Chemotherapy is medication that kills cancer cells that multiply quickly. It works by upsetting cell division and killing them throughout the whole body. A pediatric oncologist is someone who studies and treats cancer in kids. If you were diagnosed with cancer by an oncologist, usual treatment would be chemo or radiation therapy, where radioactive waves are used to destroy cancerous cells of tumors.
There are many ways to give chemotherapy; as an IV where medication is put into the body using veins (usually in your arm), or as a catheter, or an IV that stays in a blood vessel in your chest, so a normal IV doesn’t have to stay stuck in your arm. More ways that chemo can be given are pills, capsules, or liquids, shots into the muscle and skin, or as an injection into an area below the spinal cord.
Places to give chemotherapy are hospitals, cancer centers, doctor’s offices, and at home. Many patients receive chemo in hospitals and clinics, while others may need to stay in a hospital so doctors can look over them. Chemo may be given at different times such as every day, every week, or every month. Between treatments the patient needs time to rest.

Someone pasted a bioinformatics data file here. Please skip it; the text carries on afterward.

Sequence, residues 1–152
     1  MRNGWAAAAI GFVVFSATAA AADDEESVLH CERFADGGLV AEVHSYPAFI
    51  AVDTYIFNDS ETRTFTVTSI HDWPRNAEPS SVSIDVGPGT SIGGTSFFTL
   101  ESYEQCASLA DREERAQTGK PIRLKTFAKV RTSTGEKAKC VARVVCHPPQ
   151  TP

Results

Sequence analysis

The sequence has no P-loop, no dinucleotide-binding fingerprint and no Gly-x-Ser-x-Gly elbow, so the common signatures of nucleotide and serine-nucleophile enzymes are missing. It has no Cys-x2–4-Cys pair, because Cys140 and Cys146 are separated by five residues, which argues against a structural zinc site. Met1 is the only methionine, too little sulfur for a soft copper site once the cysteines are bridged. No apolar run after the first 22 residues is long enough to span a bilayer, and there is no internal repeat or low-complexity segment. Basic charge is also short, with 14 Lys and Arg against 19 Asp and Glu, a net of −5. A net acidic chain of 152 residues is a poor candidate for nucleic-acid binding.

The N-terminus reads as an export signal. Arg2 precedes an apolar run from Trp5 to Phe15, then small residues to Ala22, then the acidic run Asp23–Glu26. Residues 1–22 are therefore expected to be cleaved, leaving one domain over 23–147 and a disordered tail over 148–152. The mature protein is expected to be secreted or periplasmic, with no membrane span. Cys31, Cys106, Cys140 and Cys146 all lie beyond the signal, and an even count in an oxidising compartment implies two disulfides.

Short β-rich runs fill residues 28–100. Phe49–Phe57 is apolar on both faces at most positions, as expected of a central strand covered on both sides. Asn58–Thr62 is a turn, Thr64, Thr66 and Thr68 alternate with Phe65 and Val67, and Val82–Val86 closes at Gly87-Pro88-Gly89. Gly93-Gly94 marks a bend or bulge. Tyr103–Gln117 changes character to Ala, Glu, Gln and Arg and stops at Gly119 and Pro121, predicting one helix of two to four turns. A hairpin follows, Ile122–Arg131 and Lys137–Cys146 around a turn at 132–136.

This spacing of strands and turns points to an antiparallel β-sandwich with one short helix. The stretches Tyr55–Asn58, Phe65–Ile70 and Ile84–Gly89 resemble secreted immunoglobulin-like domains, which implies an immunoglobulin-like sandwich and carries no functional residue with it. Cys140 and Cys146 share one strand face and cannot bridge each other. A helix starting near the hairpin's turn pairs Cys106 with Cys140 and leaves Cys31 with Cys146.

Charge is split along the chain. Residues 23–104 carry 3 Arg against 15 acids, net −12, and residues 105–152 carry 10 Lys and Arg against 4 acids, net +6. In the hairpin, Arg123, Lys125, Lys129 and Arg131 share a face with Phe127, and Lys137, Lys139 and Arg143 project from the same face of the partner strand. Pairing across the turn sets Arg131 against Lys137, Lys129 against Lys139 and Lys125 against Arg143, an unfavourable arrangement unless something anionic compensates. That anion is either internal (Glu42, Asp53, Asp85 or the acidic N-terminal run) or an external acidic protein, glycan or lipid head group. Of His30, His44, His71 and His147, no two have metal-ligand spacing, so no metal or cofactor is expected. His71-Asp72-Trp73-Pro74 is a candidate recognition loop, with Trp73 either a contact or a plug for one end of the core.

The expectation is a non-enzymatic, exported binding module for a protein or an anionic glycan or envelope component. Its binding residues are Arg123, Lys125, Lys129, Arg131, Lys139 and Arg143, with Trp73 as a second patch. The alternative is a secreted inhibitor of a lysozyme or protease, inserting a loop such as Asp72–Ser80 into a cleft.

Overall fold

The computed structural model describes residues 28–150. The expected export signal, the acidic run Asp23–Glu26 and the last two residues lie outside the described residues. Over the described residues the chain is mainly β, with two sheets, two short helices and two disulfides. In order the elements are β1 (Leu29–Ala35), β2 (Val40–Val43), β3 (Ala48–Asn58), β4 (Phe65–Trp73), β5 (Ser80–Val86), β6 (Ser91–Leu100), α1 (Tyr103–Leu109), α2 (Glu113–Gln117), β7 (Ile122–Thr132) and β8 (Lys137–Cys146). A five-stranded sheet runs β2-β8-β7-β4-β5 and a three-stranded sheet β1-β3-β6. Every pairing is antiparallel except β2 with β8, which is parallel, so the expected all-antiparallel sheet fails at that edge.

Undergoing chemo might have uncomfortable side effects caused by the medications, the amount taken, and the general health of the patient. Most side effects don’t last long because the healthy cells multiply and side effects eventually go away. Cancer patients get lots of TLC (tender, love, and care), like lots of food and water, physical therapy, medicines, etc. This type of care helps patients get through treatments and avoid side effects such as nausea and vomiting. This most common effect of chemo is fatigue. Tiredness can last for days, weeks, or months, but it eventually goes away once the treatment is over. Rest can assist the body to recover from chemo.
Short-term side effects caused by chemo are stomach problems like not being hungry, constipation, diarrhea, nausea, and...
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